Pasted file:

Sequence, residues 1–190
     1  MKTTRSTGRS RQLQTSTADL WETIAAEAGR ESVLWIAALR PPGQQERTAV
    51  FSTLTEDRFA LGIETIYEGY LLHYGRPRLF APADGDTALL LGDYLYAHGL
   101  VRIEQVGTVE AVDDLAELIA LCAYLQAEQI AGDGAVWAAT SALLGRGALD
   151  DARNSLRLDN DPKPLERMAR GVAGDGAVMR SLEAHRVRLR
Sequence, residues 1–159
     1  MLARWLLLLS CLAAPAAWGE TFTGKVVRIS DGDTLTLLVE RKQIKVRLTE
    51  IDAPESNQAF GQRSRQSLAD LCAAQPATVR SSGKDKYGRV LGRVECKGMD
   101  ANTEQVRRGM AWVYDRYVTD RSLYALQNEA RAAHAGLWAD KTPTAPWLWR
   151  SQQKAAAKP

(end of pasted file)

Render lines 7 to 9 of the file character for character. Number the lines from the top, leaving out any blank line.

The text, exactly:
     1  MLARWLLLLS CLAAPAAWGE TFTGKVVRIS DGDTLTLLVE RKQIKVRLTE
    51  IDAPESNQAF GQRSRQSLAD LCAAQPATVR SSGKDKYGRV LGRVECKGMD
   101  ANTEQVRRGM AWVYDRYVTD RSLYALQNEA RAAHAGLWAD KTPTAPWLWR